The Final Countdown


Katie Jones, Staff Reporter

With less than a week until the election between President Trump and former Vice President Joe Biden, students geared up for what was to be a historical event in their lifetime. Voters either had the choice to vote early from Oct. 19 through Nov. 1, or waiting for Tuesday, Nov. 3. The main focus of voter groups have been to encourage young voters between the ages of 18-35 to go to the polls. Social Media outlets such as Snapchat and Instagram had made planning to vote easier for younger voters, by showing them locations and times to stop by.

Some students were motivated to vote early this year, like Khilea Bliss (12) who preregistered just over a month before the election.  Earlier this year Bliss favored Democrat Bernie Sanders, but after he dropped out of the race Bliss voted for the Biden/Harris administration.

“If you were a Bernie supporter it’s kind of obvious why Biden is the better option. Trump and Bernie were exact opposites in all their views. I don’t agree with Trump’s decisions or attitude in office, so I’ll take the next best thing besides Bernie. Honestly, that’s primarily also why I voted Biden, Bernie dropped and I wanted Trump out.”

Like many voters, Bliss is concerned with issues like the economy, systematic racism and LGBTQ+ issues.

“For me personally, I feel that Biden’s tax policies are a good idea to help more money flow back into the economy.” Which refers to the part of Biden’s plan that includes raising taxes on people who have an annual income of $400,000 or higher.

Carissa Heuer (12) was an undecided voter, and before election day she was undecided if she will even vote at all. “I just don’t really want to…and it’s a lot of pressure.”

Lynlee Clarke (11) was not old enough to vote in the 2020 election, however, that did not stop her from being an avid supporter of the Republican incumbent. “I support Donald Trump because I also agree with a lot of the same things as he does, and a lot of his policies.”

Like all Americans, Clarke wants Covid-19 to be over, and if Trump is elected a second term, “I hope that he will crack down on this whole virus thing and get rid of it.”

Signing up. Khilea Bliss (12) votes for the 2020 Presidential Election on Nov. 3. She was encouraged by her family and people in her community to register. “I hate politics, but I hate bad politics more.”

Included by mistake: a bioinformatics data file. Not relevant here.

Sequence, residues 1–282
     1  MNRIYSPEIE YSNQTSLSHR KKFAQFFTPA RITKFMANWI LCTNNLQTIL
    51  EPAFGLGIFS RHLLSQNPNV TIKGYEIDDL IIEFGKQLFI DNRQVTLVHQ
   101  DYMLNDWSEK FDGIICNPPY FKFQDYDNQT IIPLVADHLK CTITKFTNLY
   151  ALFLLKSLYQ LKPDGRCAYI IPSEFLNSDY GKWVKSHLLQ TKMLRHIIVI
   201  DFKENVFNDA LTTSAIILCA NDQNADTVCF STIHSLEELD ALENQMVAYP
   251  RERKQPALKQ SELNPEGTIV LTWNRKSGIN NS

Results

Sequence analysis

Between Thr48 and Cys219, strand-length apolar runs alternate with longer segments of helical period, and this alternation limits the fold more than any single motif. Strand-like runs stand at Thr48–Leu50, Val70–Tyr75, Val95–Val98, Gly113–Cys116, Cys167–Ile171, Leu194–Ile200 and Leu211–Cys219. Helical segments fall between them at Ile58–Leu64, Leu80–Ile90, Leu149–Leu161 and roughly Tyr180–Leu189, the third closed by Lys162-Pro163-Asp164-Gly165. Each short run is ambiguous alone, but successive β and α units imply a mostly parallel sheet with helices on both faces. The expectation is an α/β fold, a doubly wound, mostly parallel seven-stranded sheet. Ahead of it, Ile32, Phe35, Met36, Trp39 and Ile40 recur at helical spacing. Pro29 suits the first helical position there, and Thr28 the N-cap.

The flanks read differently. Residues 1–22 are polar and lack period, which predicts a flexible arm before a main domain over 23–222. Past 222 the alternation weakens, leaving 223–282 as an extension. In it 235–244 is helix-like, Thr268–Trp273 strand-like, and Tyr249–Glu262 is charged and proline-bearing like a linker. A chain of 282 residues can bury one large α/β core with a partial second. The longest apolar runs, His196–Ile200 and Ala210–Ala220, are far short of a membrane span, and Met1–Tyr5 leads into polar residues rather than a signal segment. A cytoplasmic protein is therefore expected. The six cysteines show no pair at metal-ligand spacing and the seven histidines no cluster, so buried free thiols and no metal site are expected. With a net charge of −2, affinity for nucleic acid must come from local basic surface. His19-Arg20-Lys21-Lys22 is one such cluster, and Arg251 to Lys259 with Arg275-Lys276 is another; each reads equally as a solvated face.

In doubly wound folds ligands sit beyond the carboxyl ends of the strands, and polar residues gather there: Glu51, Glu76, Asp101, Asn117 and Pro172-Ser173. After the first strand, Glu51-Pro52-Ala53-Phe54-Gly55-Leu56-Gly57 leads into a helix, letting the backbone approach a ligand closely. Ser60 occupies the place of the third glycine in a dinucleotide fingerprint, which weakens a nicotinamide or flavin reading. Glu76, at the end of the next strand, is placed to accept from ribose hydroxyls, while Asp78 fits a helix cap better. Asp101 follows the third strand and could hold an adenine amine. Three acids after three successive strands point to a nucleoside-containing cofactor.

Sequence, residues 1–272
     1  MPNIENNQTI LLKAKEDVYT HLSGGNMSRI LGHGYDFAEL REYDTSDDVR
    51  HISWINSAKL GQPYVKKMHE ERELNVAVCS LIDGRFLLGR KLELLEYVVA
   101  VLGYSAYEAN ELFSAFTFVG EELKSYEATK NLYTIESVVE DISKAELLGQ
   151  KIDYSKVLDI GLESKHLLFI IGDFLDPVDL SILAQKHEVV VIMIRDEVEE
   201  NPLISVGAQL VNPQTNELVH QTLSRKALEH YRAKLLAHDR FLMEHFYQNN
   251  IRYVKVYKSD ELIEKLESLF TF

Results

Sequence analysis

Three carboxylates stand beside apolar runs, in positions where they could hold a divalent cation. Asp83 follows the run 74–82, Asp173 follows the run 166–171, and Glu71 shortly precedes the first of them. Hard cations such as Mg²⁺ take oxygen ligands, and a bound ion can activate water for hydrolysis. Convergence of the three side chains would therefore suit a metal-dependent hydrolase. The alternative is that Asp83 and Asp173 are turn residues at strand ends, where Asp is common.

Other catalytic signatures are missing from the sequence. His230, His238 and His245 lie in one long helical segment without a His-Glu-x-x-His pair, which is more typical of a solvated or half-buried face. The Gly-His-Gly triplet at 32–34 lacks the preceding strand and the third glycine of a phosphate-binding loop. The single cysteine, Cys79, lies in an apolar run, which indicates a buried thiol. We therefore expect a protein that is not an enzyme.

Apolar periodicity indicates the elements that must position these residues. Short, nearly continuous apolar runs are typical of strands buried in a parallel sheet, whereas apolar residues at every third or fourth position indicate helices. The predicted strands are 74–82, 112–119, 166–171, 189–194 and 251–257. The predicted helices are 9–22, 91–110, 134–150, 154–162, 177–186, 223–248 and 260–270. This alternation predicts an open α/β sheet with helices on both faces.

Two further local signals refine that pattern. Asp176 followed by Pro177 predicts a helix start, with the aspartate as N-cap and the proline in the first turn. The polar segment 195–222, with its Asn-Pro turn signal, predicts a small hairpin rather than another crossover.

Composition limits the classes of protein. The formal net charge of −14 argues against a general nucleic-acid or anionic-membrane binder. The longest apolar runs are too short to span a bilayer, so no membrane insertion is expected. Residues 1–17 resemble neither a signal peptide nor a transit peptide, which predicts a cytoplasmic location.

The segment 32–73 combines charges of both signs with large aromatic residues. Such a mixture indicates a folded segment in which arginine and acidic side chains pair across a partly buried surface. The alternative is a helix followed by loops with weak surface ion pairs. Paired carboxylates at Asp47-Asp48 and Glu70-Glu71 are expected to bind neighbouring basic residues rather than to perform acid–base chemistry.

Just a week before the election, Judge Amy Coney Barret was confirmed to the Supreme Court by Congress and the Senate. This decision has had mixed opinions. One of the main objectives is the 6-3 standing on the court (six conservatives, three liberals), which some find unfair. Another issue that made these voters tense is that the Supreme Court is to hear on The Affordable Care Act Nov. 10 and rule it as constitutional or not.

“I really don’t feel positive about the new judge, as someone in the LGBTQ+ community myself, I’m wary of her views and worried about what she might do overall,” said Bliss.

Heuer, unlike Bliss, was not concerned with the debate over Judge Barret because she mentioned that she didn’t pay attention to political issues.

Clarke still hasn’t made her decision on Barret’s addition to the court yet, but they both agree on some of the same issues like abortion. “I haven’t done enough research to answer that question yet.”

Though Election Night  was Nov. 3 it took almost a week for the Associated Press to announce a projected winner, Joe Biden. Biden was projected as President-Elect after the AP estimated him the winner of PA, which pushed him over 270. However, they are still counting mail-in and absentee ballots in states like GA, NV and AZ. Lots of states are beginning to certify the election results, and after multiple recounts Biden is the projected winner of all these states.